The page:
What are the characteristics of the German education system?
- What are the characteristics of the German education system?
- What is the education system in Germany like?
- When we are 14 years old we are in which class in Germany?
- How are the lessons in Germany?
- What is primary school called in German?
- What is the German baccalaureate called?
- What is the equivalent of the 3eme in Germany?
- When we are 13 years old we are in which class in Germany?
- Which country has the most teaching hours?
- Why does the school day in Germany end around 1:30 p.m.?
- How do you say school in German?
- What are the different schools in Germany?
- Why make an AbiBac?
- What are the principles of Education in Germany?
- How does education work in Germany?
- Who are the school authorities in Germany?
- Who are the first educational legislators in Germany?
the school system in Germany begins with primary school. There is no kindergarten in Germany, but children often go to the “Kindergarten” (kindergarten) or “Kindertagesstätte” (KiTa = crèche) while waiting for schooling. This type of nursery and first awakeningis not mandatory.
The organization of german school system Secondary education is structured into “Hauptschule”, middle school, high school and “Gesamtschule”. The “Hauptschule” ends after the 9th class with a diploma of general studies and the college after the 10th class with the college certificate.
GESAMTSCHULE (“Collège/Lycée” from 10/11 year) In Germanyschooling is compulsory until the age of 15/16 year (9 or 10 years years of schooling according to the Land).
The Classes take place from Monday to Friday (very rarely on Saturday). They last 45 minutes. They start between 7:30 a.m. and 8:00 a.m. depending on the ‘Länder’ and end between 1:00 p.m. and 1:30 p.m. or between 3:00 p.m. and 3:30 p.m. (depending on the day and the subjects chosen).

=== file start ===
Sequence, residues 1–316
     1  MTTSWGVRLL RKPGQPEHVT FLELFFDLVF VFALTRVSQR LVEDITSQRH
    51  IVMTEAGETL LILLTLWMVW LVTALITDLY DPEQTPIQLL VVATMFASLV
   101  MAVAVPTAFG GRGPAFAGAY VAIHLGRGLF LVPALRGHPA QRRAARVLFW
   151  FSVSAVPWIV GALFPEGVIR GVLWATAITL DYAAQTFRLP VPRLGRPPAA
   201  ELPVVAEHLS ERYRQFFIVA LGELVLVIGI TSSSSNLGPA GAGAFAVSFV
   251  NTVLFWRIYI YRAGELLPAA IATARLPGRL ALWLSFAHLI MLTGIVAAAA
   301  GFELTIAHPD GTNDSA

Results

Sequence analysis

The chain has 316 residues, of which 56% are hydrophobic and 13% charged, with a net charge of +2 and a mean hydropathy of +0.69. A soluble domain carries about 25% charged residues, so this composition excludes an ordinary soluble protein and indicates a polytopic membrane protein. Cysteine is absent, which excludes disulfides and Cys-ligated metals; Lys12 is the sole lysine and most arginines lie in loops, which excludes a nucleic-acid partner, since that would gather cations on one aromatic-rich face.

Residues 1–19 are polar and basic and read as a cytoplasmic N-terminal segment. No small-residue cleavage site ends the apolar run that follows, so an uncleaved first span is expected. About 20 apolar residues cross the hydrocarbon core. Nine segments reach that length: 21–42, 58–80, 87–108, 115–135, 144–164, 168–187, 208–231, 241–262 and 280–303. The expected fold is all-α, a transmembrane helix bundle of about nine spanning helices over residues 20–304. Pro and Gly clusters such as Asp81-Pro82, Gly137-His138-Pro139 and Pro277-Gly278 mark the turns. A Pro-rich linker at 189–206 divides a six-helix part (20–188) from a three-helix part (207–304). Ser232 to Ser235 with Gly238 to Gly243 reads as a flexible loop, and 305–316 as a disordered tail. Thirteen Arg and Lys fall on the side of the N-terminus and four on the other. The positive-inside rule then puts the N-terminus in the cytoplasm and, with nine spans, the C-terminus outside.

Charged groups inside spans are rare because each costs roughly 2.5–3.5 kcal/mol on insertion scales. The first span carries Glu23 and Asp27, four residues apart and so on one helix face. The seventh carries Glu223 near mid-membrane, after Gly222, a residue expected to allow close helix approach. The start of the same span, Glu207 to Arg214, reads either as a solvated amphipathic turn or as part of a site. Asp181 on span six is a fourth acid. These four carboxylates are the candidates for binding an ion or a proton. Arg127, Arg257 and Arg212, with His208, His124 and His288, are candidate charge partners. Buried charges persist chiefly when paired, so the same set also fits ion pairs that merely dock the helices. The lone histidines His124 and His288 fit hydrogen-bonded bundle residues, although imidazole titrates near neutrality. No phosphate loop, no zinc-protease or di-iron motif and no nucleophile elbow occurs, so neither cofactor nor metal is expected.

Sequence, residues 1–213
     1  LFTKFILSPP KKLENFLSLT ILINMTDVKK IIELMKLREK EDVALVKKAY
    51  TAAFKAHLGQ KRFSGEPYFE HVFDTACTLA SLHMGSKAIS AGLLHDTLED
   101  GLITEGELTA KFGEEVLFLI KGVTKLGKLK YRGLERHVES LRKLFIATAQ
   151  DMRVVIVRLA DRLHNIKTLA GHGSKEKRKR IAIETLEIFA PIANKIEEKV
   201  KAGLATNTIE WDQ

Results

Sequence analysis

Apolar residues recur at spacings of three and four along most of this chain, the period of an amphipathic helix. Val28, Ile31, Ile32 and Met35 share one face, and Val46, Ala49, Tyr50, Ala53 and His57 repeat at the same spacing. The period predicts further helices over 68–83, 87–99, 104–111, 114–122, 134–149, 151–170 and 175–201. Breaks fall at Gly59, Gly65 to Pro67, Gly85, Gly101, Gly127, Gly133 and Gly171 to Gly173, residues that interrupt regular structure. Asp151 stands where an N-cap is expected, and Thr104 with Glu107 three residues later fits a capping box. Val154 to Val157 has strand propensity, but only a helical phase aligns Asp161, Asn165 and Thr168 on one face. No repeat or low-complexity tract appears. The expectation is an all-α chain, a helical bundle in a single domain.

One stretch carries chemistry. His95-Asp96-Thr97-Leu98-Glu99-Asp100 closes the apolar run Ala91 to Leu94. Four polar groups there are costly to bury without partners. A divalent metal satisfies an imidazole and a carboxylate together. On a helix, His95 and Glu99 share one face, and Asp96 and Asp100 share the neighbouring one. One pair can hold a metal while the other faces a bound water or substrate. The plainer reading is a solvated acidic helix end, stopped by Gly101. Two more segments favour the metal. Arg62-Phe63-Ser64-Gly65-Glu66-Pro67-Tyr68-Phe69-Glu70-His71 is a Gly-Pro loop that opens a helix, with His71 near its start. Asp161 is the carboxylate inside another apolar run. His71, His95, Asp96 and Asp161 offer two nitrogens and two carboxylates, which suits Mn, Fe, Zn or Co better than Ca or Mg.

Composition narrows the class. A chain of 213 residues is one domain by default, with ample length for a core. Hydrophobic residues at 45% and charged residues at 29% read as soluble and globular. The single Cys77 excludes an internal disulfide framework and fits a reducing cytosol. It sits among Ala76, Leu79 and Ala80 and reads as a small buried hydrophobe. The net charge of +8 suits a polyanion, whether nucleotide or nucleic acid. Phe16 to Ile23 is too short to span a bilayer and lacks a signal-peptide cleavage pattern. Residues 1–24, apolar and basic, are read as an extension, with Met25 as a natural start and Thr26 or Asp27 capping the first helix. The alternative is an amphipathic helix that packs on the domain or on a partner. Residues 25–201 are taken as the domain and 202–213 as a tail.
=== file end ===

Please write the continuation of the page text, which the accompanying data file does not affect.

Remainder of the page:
Primary school (Grundschule) As a continuation of theschool kindergarten, theprimary school integrates children from the age of 6 to 10 years (class 1 to 4).
The Abibac offers a double advantage: the simultaneous delivery of the French baccalaureate and the Abitur. Abibac was created by the Intergovernmental Agreement between France andGerman from .
the final diploma is the “Hauptschulabschluss” or the “qualifizierender Hauptschulabschluss” after 5 years of secondary school (equivalent end third French). Good students can stay an extra year to pass the “Mittlere Schulabschluss”.
Hauptschule (general secondary school): classes 5 to 9/10. Realschule (secondary school): classes 5 to 10. Gesamtschule (comprehensive school): classes 5 to 12/13.
With 8,316 hours class, Italy comes first, followed by Australia (7,806 hours), Israel (7,746 hours), Belgium (7,710 hours), of which only the French-speaking part is taken into account here, then the Country-Low (7,700 hours).
Especially in England, where many paid activities, especially sports, are offered within the school, including on Saturday mornings. In Germanythe daytime ends between 11:30 a.m. and 1:30 p.m. in order to leave the afternoons free for optional and paid activities.
1. school (establishment): school. Schule f.
There are five types ofschools of secondary education in Germany : “Gymnasium”, “Realschule”, “Hauptschule”, “Gesamtschule” and “Förderschule”. – The “Gymnasium” (high school) is intended for students who want to go to university.
L’AbiBac gives full access to German and French universities. So if you want to study in Germany, this double baccalaureate will allow you to apply to universities as a German student.
Introduction: Education and federalism – Equal opportunities, a priority for Germany In Germany, education comes under the jurisdiction of the Länder, which are the primary legislators in this area. This principle of “cultural sovereignty” is enshrined in Article 30 of the Basic Law.
In Germany, the organization of education is not centralized but falls within the competence of the Länder. The Ministers of Culture of the 16 Länder are therefore responsible for the schools. The subjects taught, the programmes, the diplomas and the transition from one form of school to another are therefore organized differently according to the Länder.
In Germany, the organization of education is not centralized but falls within the competence of the Länder. The Ministers of Culture of the 16 Länder are therefore responsible for the schools.
In Germany, education comes under the jurisdiction of the Länder, which are the primary legislators in this area. This principle of “cultural sovereignty” is enshrined in Article 30 of the Basic Law.